Critical vulnerability in Spotify’s Backstage discovered, patched

A critical unauthenticated remote code execution vulnerability in Spotify’s Backstage project has been found and fixed, and developers are advised to take immediate action in their environments.

Spotify Backstage vulnerability

What is Backstage?

Having more than 19,000 stars on Github, Backstage is one of the most popular open-source platforms for building developer portals and is in widespread use by Spotify, American Airlines, Netflix, Splunk, Fidelity Investments, Epic Games, Palo Alto Networks and many others.

It unifies all infrastructure tooling, services, and documentation to create a streamlined development environment.

Backstage was accepted to the Cloud Native Computing Foundation (CNCF) on September 8, 2020 and is at the Incubating project maturity level.

About the vulnerability

“By exploiting a vm2 sandbox escape in the Scaffolder core plugin, which is used by default, unauthenticated threat actors have the ability to execute arbitrary system commands on a Backstage application,” said Yuval Ostrovsky, Software Architect for Oxeye. “Critical cloud-native application vulnerabilities like this one are becoming more pervasive and it is critical these issues are addressed without delay.”

Oxeye researchers reported the vulnerability through Spotify’s bug bounty program, and Spotify rapidly patched the vulnerability and released Backstage version 1.5.1, which fixes the issue.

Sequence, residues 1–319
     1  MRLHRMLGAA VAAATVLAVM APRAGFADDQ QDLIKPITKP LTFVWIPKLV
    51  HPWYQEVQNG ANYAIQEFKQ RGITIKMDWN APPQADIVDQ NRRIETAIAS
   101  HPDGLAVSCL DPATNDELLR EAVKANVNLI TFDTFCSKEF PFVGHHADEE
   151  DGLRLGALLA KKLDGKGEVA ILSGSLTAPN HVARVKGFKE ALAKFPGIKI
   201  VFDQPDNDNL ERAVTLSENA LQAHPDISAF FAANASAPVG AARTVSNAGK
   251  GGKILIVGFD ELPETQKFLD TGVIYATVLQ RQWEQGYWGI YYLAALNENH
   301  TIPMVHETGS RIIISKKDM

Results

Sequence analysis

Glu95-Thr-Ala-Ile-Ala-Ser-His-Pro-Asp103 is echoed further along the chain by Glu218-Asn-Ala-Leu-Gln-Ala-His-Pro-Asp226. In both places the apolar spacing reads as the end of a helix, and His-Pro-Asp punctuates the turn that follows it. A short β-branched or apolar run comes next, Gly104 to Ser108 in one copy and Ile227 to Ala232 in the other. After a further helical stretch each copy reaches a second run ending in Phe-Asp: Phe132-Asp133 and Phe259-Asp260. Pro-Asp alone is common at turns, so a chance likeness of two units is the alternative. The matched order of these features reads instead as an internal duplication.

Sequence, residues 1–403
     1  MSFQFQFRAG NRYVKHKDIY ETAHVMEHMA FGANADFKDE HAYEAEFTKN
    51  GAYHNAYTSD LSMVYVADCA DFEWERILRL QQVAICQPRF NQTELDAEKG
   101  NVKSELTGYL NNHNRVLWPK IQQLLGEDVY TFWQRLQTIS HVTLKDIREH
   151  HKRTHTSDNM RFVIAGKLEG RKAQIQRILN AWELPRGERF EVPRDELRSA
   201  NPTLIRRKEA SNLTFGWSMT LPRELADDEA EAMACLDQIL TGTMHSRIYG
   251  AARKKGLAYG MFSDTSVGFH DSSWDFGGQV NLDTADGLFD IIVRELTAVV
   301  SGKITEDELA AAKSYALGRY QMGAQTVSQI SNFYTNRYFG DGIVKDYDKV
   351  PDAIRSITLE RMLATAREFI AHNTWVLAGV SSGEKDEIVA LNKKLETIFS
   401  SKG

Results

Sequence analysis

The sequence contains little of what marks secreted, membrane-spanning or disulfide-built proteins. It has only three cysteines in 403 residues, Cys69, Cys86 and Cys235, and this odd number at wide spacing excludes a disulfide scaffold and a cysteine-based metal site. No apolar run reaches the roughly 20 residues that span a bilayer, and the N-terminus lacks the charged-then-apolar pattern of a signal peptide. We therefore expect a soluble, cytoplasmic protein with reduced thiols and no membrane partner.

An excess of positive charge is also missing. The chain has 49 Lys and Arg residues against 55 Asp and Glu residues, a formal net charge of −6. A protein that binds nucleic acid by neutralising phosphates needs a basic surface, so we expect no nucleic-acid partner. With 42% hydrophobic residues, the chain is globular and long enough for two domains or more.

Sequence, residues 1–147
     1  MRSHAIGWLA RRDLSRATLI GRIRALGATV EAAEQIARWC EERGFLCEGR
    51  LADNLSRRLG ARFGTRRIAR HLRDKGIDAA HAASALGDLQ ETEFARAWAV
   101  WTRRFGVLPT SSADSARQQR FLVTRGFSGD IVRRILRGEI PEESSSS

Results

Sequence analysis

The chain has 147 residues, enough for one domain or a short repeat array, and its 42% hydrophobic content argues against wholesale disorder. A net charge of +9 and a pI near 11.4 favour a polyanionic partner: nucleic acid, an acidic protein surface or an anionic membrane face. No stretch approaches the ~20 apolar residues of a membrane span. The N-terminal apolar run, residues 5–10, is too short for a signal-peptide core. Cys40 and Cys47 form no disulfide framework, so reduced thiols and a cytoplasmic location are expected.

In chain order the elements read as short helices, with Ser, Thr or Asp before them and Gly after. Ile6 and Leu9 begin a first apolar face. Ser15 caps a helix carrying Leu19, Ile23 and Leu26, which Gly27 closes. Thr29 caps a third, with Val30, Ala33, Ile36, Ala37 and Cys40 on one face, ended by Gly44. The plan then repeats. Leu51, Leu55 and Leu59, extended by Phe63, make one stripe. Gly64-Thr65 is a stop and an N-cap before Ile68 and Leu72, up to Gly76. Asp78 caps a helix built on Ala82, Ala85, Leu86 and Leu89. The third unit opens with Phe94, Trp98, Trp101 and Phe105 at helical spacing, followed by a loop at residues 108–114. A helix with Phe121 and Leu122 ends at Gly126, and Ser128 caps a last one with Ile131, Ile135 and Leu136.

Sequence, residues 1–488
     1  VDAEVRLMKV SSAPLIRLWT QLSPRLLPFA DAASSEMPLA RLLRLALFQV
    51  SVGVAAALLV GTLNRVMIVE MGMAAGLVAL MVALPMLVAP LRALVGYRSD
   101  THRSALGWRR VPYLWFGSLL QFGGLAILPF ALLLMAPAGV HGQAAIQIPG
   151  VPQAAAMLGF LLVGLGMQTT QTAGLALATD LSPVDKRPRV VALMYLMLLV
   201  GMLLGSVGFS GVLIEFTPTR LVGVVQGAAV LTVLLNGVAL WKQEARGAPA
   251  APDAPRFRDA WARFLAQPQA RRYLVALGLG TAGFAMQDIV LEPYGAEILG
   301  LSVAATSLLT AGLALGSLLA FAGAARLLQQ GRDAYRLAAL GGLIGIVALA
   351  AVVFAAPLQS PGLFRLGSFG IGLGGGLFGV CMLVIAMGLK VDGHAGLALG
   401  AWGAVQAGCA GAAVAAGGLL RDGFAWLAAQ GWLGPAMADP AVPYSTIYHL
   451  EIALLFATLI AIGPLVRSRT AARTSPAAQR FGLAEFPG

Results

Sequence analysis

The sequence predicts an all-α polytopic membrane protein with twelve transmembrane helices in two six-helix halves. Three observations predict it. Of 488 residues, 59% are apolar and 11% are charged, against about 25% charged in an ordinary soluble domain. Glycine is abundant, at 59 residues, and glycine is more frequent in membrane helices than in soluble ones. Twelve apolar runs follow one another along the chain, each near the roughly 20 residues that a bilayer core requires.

“Every research project we spin up starts with mapping potential inputs to an application. What caught our attention in this case were Backstage software templates and the potential for template-based attacks,” said Daniel Abeles, Head of Research at Oxeye. “In reviewing how to confine this risk, we noticed that the templating engine could be manipulated to run shell commands by using user-controlled templates with Nunjucks outside of an isolated environment.”

Evaluating user-provided strings in a template engine can be dangerous since it exposes the application to such template-based attacks. The severity of an attack depends on the features the templating engine offers. In this case, the root of a template-based VM escape was able to gain JavaScript execution rights within the template. However, by using “logic-less” template engines such as Mustache, the introduction of server-side template injection vulnerabilities can be avoided. Separating the logic from the presentation as much as possible can greatly reduce exposure to the most dangerous template-based attacks.

“If using a template engine in an application, make sure to choose the right one in relation to security. Robust template engines are extremely useful but might pose a risk to the organization,” said Gal Goldshtein, Senior Security Researcher at Oxeye. “If using Backstage, we strongly recommend updating it to the latest version to defend against this vulnerability as soon as possible.”

More details about the vulnerabilty can be found here.

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